Maleficent’s Character Depth


It’s been a week since Maleficent released on DVD, Blu-Ray and streaming services everywhere. Five minutes after turning it on, I had decided it was brilliant. Fifteen minutes in, I loved the character of Maleficent. Thirty minutes later, I was thinking about how much Maleficent could teach me about writing other characters. The film was too good to distract myself from, though, so I turned off the writer part of my brain as best I could and simply absorbed each scene.

Watching the entire film once was not enough, so the next night, I did it again. This time, I took notes.

For good measure, I watched it a third time a couple of days later and added a few more notes.

Before I share my take on Maleficent, let me explain one thing: I’ve never seen the original Disney animated Sleeping Beauty. Maleficent scared me as a child, and then I never got around to watching the movie in later years. So I went into the retelling of Maleficent with no comparisons or biases. Thus, I can only analyze her character as it was portrayed in the Angelina Jolie version.

Oh, one more aside: If you haven’t watched Maleficent yet, I urge you to go no farther. The sections below contain spoilers, and I certainly don’t want to be guilty of ruining your experience. So if you’re planning to watch it but haven’t yet, just come back here later. I promise, the post isn’t going anywhere.

All right, now that I have all the disclaimers out of the way, let’s discuss Maleficent and what her character taught me about writing characters with depth.

  1. Maleficent wasn’t truly a villain in this version, but she does have a darker side. However, she wasn’t born with it. Her younger self was all lightness and kindness. Bits of her childhood still show through later, even as her darker side develops over it. Whether hero, anti-hero, sidekick or villain, I think it’s important to learn a character’s history and how their present traits developed. Back story is so essential for well-rounded characters!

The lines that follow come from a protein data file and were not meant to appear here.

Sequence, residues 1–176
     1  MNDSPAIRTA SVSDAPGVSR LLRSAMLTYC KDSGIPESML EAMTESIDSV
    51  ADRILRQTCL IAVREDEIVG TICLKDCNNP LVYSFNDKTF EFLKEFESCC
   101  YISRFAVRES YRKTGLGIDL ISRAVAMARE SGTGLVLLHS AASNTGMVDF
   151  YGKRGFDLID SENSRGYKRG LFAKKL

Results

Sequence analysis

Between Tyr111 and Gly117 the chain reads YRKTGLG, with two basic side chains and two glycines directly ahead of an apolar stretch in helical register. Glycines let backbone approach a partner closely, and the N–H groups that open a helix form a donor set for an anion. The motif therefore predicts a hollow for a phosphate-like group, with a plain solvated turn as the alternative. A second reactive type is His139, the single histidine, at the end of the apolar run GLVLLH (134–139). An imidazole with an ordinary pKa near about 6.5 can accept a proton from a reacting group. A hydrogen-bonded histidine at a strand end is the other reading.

2. She was a dynamic character. This follows along with point #1: Maleficent changes over the film. Things don’t just happen to her; they shape her. Her reactions make her real and relatable, and I found myself wondering what I would do in her situations. A well-written character doesn’t simply move through scenarios; they respond to them and make us consider how we would react, too. Like real people, characters change as their lives do.

  3. Maleficent longed for love. In some way, I think we all do. People (and apparently faeries) were created to love and be loved. Even after Maleficent was betrayed and no longer believed in true love, she couldn’t stop her heart from being touched again, this time by her adopted god-daughter. Perhaps I’m wrong, but I believe that even the coldest of characters has a heart in need of love.
  4. Even after she was broken and bitter, Maleficent had a soft spot. She rescues a crow, watches over little Aurora, and later tries to spare her enemy’s life. Granted, the most villainous characters are often devoid of all mercy; but for the rest, I find it highly important to infuse compassion into even the damaged ones. It gives us something to cheer for, and it also shows the character’s true strength.